So why did I select to build the W17? First, a little background of who I am.
Mike, I have had an adventurous life. [originally from the USA] Skiing, scuba diving, sky diving, sprint and midget race car builder, plus becoming a nationally known driver in the US. Also a pilot and builder of two small airplanes plus builder of a Farrier F41 catamaran and making extensive Pacific Ocean offshore trips with it. I have delivered yachts between Thailand and Singapore and had a real hairy delivery two years ago, going from Thailand to the Philippines with just the owner and I on board a 58 ft monohull race boat. We lost the engine, were alternately becalmed or beset by dangerous squalls while crossing the South China Sea, and then, sideswiped by a freighter at night. We managed to save the mast with a jury rig and after 28 days, made a small Malaysian port, north of Brunei. My adventures have earned me a lot of thrills as well as 24 broken bones.
About 4 years ago, cancer nearly got me and I lost one kidney and had a serious brain operation. However, I AM a survivor and after 3 years I am clean, and feel fit and active for my age. The people here think I am in my mid 50s, but I will be 78 in January!
So — why the W17? Well, it seemed like an interesting boat to build, one that I could both afford and keep at home on a trailer. Thailand is not too "yacht friendly" and as there is considerable theft here, a boat I could store at home would make sense. I also liked the potential "go fast" possibility and the shape of the amas, as I thought the underwater shape and camber would provide a balanced lift as well as some resistance when forces were to leeward.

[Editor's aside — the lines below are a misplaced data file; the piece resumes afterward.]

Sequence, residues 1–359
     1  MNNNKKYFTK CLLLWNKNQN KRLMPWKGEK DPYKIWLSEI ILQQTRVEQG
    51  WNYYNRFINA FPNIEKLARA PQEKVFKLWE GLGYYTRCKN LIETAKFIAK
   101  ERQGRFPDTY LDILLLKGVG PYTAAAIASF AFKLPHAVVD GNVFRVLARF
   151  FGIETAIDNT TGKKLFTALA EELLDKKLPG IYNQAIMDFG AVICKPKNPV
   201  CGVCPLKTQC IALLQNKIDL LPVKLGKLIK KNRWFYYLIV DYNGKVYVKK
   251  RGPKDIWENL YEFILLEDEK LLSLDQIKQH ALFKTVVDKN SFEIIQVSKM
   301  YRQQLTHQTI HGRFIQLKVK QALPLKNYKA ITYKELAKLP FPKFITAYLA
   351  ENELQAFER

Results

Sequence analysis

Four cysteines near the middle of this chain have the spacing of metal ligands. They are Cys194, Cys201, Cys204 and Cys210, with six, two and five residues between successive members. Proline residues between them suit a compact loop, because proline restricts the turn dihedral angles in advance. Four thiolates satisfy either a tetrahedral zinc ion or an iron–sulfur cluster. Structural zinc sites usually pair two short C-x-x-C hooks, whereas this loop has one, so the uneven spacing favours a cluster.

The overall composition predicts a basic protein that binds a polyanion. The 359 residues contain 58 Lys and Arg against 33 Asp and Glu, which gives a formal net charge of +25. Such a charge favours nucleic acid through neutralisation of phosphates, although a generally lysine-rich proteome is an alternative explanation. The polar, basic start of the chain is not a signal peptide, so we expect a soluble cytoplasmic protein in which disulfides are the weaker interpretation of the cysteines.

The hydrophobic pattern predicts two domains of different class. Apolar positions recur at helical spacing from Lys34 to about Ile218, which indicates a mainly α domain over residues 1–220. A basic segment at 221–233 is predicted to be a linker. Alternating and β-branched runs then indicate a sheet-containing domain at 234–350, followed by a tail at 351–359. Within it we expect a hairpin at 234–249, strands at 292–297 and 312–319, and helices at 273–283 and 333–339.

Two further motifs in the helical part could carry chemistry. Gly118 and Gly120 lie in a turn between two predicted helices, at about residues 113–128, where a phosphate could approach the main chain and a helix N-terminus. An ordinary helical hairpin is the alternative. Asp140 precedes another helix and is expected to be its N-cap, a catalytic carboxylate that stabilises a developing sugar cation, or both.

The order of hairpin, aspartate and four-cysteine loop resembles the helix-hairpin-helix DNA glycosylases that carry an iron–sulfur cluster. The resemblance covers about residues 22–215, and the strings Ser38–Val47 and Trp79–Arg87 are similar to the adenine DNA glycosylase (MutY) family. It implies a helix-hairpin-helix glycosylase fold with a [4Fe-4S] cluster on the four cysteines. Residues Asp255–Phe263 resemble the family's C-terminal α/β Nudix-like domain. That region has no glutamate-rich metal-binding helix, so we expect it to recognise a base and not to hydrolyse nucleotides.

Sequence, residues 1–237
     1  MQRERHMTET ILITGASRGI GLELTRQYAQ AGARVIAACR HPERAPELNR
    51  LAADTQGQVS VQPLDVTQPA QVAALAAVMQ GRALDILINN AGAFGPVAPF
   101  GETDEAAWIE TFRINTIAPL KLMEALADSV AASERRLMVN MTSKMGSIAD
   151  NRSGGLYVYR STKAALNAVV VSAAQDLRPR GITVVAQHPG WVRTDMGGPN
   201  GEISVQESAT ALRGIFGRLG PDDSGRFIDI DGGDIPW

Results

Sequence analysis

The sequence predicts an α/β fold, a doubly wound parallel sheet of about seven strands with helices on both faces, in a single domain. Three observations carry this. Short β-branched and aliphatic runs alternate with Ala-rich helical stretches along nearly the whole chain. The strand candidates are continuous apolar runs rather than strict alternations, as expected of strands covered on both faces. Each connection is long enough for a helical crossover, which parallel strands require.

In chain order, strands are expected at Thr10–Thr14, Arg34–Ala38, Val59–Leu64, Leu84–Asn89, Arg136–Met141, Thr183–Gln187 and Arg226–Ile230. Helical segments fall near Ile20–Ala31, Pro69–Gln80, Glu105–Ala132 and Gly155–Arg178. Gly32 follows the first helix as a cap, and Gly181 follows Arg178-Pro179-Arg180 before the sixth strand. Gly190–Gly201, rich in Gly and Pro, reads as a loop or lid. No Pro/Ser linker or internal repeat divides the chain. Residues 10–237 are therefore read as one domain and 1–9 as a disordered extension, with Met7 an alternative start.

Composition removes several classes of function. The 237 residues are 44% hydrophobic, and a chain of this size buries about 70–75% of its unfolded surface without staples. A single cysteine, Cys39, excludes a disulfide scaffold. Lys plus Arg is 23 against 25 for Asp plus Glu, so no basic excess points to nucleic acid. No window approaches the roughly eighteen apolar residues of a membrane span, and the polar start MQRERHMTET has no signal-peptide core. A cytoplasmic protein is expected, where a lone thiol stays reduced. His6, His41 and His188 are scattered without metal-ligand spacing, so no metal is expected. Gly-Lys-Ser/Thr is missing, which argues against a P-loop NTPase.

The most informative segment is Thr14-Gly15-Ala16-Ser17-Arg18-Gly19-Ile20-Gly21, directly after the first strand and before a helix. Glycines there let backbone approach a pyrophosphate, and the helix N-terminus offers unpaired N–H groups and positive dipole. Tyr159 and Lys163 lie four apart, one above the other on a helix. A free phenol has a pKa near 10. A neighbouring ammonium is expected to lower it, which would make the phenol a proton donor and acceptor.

After all I have been through, I wanted to see if I could still build a boat. So after building a house for my family, I built a big 20' x 30' carport to build boats under. Because of the climate, I can work year round in shorts and sandals. With all the resin flying, it's a good day when I do not glue my feet to my shoes.
So what will I do with it? Well I live in a small Thai farming village about 3 hours north east of Bangkok. There is a very large, but shallow lake nearby for my testing where I will be the only sailboat on the lake. Then I plan to sail (and motor) down the Chao Phraya river from Ayutthaya to Bangkok, a distance of 375 kilometers, under 16 plus bridges, passing numerous temples and historical sites. This is a winding river with many tributaries, much like the Mississippi, and was the lifeblood for early exploration and development.
Next will be trailer trips to the West side of the Gulf of Thailand with a trip to Ko Samui island, trailer to Phuket and a trip across that isthmus to the exotic beaches of Ko Phi Phi Don and Krabi.
And why do I now live full time in Thailand? My Thai wife and I have birthdays two days apart but she will soon be 41 and I will be 78. But after 6+ years together she has proved to be a real consistent sweetheart and has nursed me thru some really rough times. We have a good Thai family. Although my cost of living is much less here than in the US, there are many challenges with finding materials, tools, communication and the culture. My boat is largely 5 mil teak waterproof plywood. I have tried to build to spec and keep it as light as possible, but no avoiding it—teak is hard and heavy.
My personal motto is: "never give up".
Fair Winds and Following Seas,
Don Blackstone, Chonburi, Thailand
Since sending this in, Don reports that he first sprayed the boat with 2 coats of epoxy and will follow this with 2 coats of 2-part polyurethane after he completes the forward beam fairing. He's hoping for a launch date around Feb/March of 2013 but finding materials in Thailand is a challenge. Well done Don!
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